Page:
That’s it! The address bar should be moved to the bottom, thus making it more accessible than ever.

    8. Tweak Developer Options
    Apart from the regular settings, Android Developer options feature some advanced settings you can tinker around with.
    The Developer options might be intended for developers, but it’s a goldmine of settings that even casual users can utilize
    For instance, you can tweak animation scales to make your phone feel snappier, set a mock location and fake your GPS location, or enable USB debugging to send commands from your computer to your Android device.
    We’ve extensively covered some of the Android developer options that you should change, so do check it out.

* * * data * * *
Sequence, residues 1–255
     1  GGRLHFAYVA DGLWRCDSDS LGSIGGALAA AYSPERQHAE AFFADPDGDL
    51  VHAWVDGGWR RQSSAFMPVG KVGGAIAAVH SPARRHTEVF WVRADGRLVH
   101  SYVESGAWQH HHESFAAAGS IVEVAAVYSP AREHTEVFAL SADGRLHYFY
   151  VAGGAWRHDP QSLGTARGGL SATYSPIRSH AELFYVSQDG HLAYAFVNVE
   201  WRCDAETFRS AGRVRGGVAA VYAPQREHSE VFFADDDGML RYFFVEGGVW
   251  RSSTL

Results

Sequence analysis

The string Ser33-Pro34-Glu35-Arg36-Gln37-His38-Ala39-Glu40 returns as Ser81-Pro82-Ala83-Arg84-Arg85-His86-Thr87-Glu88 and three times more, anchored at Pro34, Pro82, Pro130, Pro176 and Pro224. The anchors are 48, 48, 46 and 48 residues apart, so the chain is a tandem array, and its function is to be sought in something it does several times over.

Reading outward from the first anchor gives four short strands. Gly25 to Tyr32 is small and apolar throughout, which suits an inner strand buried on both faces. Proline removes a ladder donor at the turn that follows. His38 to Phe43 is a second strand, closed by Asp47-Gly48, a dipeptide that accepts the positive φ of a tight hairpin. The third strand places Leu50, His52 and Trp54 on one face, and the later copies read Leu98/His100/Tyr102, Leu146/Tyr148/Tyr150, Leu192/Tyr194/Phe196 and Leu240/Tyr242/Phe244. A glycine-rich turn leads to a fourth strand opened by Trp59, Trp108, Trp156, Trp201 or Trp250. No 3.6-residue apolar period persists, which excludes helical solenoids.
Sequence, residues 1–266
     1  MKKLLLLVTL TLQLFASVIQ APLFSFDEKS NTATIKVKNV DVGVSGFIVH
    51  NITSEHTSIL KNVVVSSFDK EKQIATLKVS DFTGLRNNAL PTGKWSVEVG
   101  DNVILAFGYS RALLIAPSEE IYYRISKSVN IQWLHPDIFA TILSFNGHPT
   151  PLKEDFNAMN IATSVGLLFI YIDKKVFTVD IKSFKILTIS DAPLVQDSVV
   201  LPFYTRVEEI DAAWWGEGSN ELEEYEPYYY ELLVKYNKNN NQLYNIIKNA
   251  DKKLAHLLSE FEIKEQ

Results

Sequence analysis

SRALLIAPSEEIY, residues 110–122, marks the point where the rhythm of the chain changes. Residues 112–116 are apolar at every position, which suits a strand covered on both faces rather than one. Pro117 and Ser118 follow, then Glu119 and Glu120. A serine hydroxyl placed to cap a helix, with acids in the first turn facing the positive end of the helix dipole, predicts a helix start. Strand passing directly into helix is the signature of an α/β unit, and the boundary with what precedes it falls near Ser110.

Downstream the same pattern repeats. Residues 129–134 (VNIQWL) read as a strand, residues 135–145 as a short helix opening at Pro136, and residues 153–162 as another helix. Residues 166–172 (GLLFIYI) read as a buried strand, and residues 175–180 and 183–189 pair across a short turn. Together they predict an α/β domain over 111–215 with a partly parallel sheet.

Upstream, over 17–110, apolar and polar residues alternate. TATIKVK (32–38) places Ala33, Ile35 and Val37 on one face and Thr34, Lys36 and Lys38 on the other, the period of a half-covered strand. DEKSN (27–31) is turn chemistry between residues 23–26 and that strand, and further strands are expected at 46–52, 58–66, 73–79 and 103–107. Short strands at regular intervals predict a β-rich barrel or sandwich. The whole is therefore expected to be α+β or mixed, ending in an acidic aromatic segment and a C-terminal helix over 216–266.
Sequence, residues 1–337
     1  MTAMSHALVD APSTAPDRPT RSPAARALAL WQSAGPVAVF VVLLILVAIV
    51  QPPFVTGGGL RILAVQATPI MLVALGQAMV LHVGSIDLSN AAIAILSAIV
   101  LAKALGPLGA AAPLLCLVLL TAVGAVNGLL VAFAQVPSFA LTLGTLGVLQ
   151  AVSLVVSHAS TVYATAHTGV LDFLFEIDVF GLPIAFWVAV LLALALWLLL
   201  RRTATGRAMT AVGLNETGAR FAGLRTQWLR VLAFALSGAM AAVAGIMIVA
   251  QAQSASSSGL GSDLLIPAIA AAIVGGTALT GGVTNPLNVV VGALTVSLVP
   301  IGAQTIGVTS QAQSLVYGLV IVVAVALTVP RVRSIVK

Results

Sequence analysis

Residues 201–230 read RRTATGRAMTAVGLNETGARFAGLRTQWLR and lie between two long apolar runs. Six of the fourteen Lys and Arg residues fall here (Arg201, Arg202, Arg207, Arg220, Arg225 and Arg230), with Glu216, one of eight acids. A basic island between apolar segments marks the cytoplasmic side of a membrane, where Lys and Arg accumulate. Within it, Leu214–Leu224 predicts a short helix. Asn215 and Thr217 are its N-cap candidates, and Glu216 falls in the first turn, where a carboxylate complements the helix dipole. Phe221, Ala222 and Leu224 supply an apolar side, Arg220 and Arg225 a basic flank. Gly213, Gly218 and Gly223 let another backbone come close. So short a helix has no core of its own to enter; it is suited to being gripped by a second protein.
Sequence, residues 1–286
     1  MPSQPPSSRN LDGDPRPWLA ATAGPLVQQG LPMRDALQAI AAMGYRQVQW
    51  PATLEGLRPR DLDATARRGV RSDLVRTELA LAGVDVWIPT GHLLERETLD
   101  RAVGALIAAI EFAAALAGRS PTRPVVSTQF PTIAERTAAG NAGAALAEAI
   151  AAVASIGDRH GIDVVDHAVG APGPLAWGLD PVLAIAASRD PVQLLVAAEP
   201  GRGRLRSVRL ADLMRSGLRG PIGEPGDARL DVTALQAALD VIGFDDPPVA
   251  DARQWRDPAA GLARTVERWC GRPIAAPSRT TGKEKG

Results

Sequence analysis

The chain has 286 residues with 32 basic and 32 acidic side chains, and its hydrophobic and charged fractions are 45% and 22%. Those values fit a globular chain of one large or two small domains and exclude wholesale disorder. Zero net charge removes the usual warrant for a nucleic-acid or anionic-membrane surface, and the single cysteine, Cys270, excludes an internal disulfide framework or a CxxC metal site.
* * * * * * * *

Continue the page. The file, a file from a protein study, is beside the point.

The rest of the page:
Make the Most of Your Android Phone
    Tweaking these settings will help you get the most of your Android device, without dramatically changing the way you use your favorite operating system. Whether you’re looking to protect your privacy or enhance your everyday Android experience, a few tweaks are all you need.
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  2. Joespiceman

    Joespiceman Anonymous Established

    nice info